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Know the Laws: Michigan

UPDATED August 16, 2016

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WomensLaw.org strongly recommends that you get help from an organization in your area for specific advice.  To find an agency, please go to the MI Where to Find Help page.

Basic Info

back to topI am a victim of domestic violence and the abuser has a gun. Is that legal?

It depends.  If you have a PPO against the abuser, or if the abuser has been convicted of a felony or of a domestic violence misdemeanor, then federal law states that it is illegal for the abuser to buy, own or have a gun in his/her possession.*

In addition, Michigan state law says that a person cannot have a license to carry a concealed pistol if s/he:

  • is under age 21;
  • is not a US citizen or lawful permanent resident;
  • is subject to a court order regarding mental illness or competency (see statute, section (7)(d) for more information);
  • has been convicted of a felony;
  • within the past 3 or 8 years (depending on the crime), s/he has been convicted of certain misdemeanors (or a charge for a misdemeanor violation is pending against the applicant in any state) including various motor vehicle-related crimes such as DUI, stalking, domestic assault, assault, various crimes related to child abuse, various sexual crimes, firearm-related offenses, larceny, embezzlement, drug or alcohol-related misdemeanors and more; (Note: this is not a complete list of crimes - see the law on our MI Statutes, section (7)(h) and (7)(i) for the complete list);
  • is subject to an active PPO;
  • has been dishonorably discharged from the armed forces;
  • has been subject to an order of involuntary commitment in a mental health center or is under an order of legal incapacity in any state;
  • is currently diagnosed with a mental illness that includes an assessment that the individual presents a danger to himself/herself or others (regardless of whether or not s/he is receiving treatment for the mental illness);
  • has been acquitted of a crime by reason of insanity or mental illness; or
  • the licensing board believes that it would be otherwise harmful to the safety of the applicant or others for the applicant to possess a concealed pistol based on clear and convincing evidence of repeated violations of this law, crimes, personal protection orders or injunctions, police reports or other clear and convincing evidence of the actions/ statements of the applicant.** 

Note: There are certain requirements that your PPO must meet for it to qualify under federal law. See I have a PPO against the abuser. Can s/he keep a gun or buy a new gun? to read more about what those requirements are.

If you are not sure if the abuser has been convicted of a domestic violence misdemeanor, see What crimes are considered domestic violence misdemeanors?  To read the definition of a felony, see What is the definition of a felony?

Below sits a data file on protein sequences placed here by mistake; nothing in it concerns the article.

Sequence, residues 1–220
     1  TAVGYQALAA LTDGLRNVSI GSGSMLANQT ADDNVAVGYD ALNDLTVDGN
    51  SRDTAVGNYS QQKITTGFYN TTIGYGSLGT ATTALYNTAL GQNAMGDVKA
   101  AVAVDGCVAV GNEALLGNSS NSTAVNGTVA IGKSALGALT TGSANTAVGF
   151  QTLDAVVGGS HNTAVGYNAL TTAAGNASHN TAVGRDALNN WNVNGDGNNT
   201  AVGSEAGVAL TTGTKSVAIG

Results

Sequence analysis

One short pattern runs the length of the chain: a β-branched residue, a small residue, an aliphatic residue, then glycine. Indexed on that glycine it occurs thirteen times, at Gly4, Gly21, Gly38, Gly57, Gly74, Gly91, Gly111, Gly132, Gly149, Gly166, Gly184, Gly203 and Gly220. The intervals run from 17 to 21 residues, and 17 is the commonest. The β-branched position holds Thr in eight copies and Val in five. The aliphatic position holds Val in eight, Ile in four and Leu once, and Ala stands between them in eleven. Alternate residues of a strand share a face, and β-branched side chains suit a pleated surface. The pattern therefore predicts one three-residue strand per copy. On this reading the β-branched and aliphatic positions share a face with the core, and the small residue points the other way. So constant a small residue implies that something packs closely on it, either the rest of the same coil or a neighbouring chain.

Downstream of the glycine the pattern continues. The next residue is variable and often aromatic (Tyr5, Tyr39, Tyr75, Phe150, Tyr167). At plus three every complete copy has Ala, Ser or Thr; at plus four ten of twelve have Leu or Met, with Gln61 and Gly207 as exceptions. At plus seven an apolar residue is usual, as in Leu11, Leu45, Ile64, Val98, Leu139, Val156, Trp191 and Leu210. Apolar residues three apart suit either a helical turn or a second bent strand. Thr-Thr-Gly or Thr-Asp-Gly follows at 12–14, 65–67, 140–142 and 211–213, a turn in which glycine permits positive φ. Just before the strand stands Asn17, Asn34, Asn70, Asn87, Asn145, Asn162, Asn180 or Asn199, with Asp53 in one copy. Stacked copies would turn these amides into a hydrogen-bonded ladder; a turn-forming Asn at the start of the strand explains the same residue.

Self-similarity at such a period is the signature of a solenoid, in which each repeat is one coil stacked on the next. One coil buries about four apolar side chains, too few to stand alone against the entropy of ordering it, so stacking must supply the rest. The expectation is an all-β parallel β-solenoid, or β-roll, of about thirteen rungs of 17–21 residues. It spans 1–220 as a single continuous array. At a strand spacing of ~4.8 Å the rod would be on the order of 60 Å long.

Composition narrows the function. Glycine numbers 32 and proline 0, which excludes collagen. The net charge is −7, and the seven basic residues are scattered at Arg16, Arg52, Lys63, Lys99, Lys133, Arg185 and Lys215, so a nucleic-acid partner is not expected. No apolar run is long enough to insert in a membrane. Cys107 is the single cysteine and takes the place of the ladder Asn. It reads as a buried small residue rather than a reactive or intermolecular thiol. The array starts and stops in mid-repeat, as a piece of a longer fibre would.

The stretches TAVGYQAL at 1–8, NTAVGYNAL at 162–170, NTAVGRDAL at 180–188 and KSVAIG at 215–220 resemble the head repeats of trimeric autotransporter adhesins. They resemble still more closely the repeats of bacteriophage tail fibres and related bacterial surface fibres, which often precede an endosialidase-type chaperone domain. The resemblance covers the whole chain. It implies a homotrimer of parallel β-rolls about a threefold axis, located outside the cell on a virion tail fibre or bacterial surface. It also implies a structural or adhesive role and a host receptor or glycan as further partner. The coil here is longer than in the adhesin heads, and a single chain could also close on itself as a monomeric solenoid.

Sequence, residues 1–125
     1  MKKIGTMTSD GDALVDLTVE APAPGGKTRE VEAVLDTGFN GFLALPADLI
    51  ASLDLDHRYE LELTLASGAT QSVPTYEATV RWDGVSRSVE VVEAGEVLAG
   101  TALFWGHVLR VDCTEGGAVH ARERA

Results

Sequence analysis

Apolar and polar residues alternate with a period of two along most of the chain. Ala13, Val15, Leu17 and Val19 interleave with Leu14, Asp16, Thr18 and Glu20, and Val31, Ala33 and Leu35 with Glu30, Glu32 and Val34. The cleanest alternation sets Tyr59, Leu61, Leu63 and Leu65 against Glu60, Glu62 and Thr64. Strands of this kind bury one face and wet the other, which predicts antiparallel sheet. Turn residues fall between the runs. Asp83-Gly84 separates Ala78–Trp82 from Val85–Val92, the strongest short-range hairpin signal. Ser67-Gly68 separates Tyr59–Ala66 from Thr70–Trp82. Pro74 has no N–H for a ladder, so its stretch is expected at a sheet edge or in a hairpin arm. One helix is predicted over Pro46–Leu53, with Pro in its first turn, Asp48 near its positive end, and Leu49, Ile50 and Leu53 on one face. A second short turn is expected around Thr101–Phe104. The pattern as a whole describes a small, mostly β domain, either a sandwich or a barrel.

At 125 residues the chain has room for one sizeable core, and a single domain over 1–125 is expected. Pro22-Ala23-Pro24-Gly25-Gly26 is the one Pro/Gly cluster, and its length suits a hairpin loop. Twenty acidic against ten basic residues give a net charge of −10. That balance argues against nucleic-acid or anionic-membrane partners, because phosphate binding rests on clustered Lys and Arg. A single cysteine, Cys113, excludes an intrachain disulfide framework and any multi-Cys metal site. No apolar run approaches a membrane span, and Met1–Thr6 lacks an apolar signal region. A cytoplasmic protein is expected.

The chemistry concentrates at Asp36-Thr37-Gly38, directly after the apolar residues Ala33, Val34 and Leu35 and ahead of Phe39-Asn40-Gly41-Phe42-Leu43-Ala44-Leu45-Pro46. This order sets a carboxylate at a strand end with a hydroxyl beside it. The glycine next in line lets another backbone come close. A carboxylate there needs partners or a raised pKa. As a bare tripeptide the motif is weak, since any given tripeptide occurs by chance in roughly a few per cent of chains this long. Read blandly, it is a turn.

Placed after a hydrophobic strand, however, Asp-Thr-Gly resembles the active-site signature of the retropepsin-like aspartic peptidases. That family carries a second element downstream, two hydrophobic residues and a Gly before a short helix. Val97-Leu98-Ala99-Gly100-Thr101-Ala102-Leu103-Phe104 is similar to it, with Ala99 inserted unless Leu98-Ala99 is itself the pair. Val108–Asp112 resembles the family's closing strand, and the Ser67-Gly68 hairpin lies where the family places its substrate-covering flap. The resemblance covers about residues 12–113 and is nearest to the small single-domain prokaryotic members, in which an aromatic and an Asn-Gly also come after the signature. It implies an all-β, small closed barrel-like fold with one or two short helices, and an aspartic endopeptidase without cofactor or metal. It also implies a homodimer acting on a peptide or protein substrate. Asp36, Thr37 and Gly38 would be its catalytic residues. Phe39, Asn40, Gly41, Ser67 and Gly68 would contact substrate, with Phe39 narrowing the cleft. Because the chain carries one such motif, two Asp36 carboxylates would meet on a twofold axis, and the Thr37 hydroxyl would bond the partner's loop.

* 18 USC § 922(g)(8),(9)
** M.C.L.A. § 28.425b(7)

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Guns and Domestic Relationship Personal Protection Orders

back to topI have an ex parte personal protection order against the abuser. Can his/her gun be taken away?

Maybe.  In a PPO, the judge can specifically order that the abuser not buy or have a firearm in his/her possession and so if this is ordered in your original, ex parte order, the abuser cannot legally have a gun.*  If this was not ordered, it could still be LEGAL for him/her to have a gun under federal law while you have an ex parte order.  However, if the judge scheduled a court hearing and gave notice of the hearing to the abuser before giving you the temporary order of protection, it is possible that it is ILLEGAL for him/her to have a gun under federal law. The order of protection must also meet certain other requirements, though.  Read I have a PPO against the abuser. Can s/he keep a gun or buy a new gun? to find out more about the requirements that any PPO must meet under federal law.

* MCLA § 600.2950(1)

 

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back to topI have a PPO against the abuser. Can s/he keep a gun or buy a new gun?

Probably not.  According to MI state and federal law, if you have a PPO that was issued by a state civil court against the abuser that meets federal law requirements, the abuser cannot have a gun in his/her possession or buy a new gun.*  

In order for your PPO to qualify under federal law, the defendant (person who the order is against) must:

  • Be served (given) notice of the court hearing. In other words, the defendant must have been given paperwork that told him or her about the hearing.
  • Have an opportunity to attend the court hearing. Note: The abuser does not have to be at the hearing, but s/he has to have the opportunity to come to the hearing.
  • Be an "intimate partner" of the victim, which includes:
    • A current or former spouse
    • A person with whom you share a child
    • A person you live with or have lived with in the past.**